Want to make sure your child knows how to write? Here are 6 tips

Want to make sure your child knows how to write? Here are 6 tips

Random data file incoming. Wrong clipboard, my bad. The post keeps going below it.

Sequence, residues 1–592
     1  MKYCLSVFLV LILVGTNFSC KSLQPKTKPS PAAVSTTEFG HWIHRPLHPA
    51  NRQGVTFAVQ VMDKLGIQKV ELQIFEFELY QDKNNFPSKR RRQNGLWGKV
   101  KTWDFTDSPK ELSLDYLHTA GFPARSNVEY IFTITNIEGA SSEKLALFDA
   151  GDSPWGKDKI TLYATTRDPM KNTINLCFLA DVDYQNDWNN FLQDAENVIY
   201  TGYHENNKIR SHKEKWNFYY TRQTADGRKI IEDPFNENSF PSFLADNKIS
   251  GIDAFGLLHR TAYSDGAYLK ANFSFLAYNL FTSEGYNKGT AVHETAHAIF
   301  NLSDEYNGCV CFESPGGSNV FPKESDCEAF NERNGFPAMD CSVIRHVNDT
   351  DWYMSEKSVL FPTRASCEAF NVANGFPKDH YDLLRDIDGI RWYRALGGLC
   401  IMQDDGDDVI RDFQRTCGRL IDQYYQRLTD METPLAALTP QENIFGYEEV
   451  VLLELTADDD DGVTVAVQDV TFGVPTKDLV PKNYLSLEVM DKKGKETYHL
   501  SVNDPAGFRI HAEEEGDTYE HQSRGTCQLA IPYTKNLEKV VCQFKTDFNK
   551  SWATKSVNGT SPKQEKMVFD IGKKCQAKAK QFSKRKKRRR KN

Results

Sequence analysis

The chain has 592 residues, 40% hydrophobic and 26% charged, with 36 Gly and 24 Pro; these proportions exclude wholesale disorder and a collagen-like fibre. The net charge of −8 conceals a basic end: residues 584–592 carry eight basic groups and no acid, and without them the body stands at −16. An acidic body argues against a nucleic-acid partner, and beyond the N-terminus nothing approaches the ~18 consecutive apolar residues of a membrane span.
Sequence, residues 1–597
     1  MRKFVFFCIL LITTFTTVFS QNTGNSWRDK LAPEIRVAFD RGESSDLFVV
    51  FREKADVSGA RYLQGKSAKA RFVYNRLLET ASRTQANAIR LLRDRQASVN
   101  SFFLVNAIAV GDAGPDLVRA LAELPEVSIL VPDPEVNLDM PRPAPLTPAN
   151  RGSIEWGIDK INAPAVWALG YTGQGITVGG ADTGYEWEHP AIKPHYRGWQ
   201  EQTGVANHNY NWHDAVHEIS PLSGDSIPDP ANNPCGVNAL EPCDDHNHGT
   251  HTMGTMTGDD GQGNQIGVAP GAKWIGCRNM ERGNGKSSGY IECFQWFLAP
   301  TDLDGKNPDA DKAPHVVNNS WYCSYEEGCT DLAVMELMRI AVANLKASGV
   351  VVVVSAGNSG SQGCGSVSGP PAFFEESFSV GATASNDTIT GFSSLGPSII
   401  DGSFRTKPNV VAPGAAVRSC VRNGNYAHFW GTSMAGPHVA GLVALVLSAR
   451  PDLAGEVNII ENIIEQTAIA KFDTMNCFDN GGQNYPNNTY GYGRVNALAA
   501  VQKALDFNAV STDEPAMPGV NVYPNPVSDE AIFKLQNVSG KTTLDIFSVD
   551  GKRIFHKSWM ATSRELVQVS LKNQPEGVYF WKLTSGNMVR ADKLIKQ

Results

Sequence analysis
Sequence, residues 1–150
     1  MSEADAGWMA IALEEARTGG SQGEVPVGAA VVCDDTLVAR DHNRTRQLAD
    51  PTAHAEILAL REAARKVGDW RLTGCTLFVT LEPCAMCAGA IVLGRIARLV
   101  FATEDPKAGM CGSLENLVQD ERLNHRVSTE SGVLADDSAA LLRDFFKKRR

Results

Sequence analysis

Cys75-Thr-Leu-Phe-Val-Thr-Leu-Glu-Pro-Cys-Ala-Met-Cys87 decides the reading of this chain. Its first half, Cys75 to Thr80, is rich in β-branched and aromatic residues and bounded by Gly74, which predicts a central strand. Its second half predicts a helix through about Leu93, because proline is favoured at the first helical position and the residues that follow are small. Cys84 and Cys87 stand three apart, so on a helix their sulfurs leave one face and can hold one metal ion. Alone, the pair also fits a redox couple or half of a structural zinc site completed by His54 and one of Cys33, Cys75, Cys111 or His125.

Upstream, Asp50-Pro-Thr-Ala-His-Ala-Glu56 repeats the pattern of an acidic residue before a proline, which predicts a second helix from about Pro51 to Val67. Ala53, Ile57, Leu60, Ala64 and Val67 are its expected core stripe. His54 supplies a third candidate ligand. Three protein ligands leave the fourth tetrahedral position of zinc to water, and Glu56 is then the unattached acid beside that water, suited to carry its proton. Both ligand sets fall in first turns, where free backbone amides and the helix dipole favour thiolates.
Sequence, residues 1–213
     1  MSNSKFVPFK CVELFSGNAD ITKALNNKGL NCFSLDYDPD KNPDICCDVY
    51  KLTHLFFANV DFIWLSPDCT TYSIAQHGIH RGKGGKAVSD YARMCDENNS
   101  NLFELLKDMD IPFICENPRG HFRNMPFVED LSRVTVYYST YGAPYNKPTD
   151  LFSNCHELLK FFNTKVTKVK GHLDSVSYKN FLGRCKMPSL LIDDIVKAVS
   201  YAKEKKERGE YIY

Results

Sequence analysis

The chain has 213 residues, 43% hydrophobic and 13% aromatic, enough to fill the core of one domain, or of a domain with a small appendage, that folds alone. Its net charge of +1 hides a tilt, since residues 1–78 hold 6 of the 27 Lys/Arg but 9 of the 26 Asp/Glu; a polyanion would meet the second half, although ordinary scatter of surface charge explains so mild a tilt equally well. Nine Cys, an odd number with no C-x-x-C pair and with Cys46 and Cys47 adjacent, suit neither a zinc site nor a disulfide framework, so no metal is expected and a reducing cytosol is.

When your child writes something, resist the urge to correct it, one expert suggests. (Photo: Getty Images) Whether your child struggles with school essays or wants to be the next J.K. Rowling, what can parents do to encourage strong writing skills? Bestselling author and UNC Asheville alumnus Wiley Cash says the first step is to turn off the screens whether they are electronic devices, smartphones or televisions. “It sounds so snarky and predictable, but it’s true,” Cash said. “Our girls, ages 4 and 2, turn to books for entertainment like I turned to video games when I was younger.” Reading, and understanding what you’ve read, prove vital in becoming a strong writer. Read, then discuss “We always talk about the books we’ve read,” Cash adds. “This makes the books and their stories and characters live beyond the page. The books begin to feel like life. We also make up alternate versions of the stories and sometimes I’ll tell stories that combine characters from different books. Our goal is to make literature feel like life, which means we’re trying to make it feel essential to life, because we believe it is.” Let your kids read what appeals to them, then discuss it. “This makes the books and their stories and characters live beyond the page,” says writer Wiley Cash. (Photo: Christopher Futcher/Getty Images) Tommy Hays, executive director of the Great Smokies Writing Program and lecturer in the master of liberal arts program at UNCA, says it’s important to be flexible in book choices. “I advise parents to not only encourage their child to read, but to encourage whatever the child likes to read, not what we want them to read,” he says. “Never criticize your child’s choice of reading. Just celebrate that they are reading.” Encourage, don’t correct As your kids start using their imagination to craft their own stories, be careful about how you respond to their written words. Hays says he encourages parents not to do a lot of fixing when it comes to their children’s creativity. “I would suggest that parents not correct their children’s writing but to simply notice back to them what they’ve written,” said Hays. “I also think parents shouldn’t correct how their children speak, shouldn’t correct their grammar or rephrase things for them, or tell them, ‘You mean to say…’ “One of the biggest problems I see in writers of all ages is they don’t sound like themselves in their writing. They sound like what they think someone wants them to sounds like, and I think this alienation from one’s voice starts at a very young age,” he continued. “The whole point of becoming a writer is to inhabit one’s authentic voice and how can anyone do this if one’s head is filled with what parents or teachers or other significant adults say they should sound like.” More tips to foster good writing Other ways to encourage your child’s writing skills: Journaling. Present him/her with a journal to record daily thoughts, experiences, and […]

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